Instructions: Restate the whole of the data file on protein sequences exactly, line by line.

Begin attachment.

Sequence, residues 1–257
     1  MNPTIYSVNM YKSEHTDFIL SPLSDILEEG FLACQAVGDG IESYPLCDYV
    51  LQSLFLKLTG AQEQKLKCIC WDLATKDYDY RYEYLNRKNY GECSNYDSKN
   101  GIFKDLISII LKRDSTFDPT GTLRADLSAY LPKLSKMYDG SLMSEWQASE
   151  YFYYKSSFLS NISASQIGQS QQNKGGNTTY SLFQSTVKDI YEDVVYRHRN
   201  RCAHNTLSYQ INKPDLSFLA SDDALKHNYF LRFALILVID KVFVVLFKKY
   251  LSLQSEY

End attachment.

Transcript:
Sequence, residues 1–257
     1  MNPTIYSVNM YKSEHTDFIL SPLSDILEEG FLACQAVGDG IESYPLCDYV
    51  LQSLFLKLTG AQEQKLKCIC WDLATKDYDY RYEYLNRKNY GECSNYDSKN
   101  GIFKDLISII LKRDSTFDPT GTLRADLSAY LPKLSKMYDG SLMSEWQASE
   151  YFYYKSSFLS NISASQIGQS QQNKGGNTTY SLFQSTVKDI YEDVVYRHRN
   201  RCAHNTLSYQ INKPDLSFLA SDDALKHNYF LRFALILVID KVFVVLFKKY
   251  LSLQSEY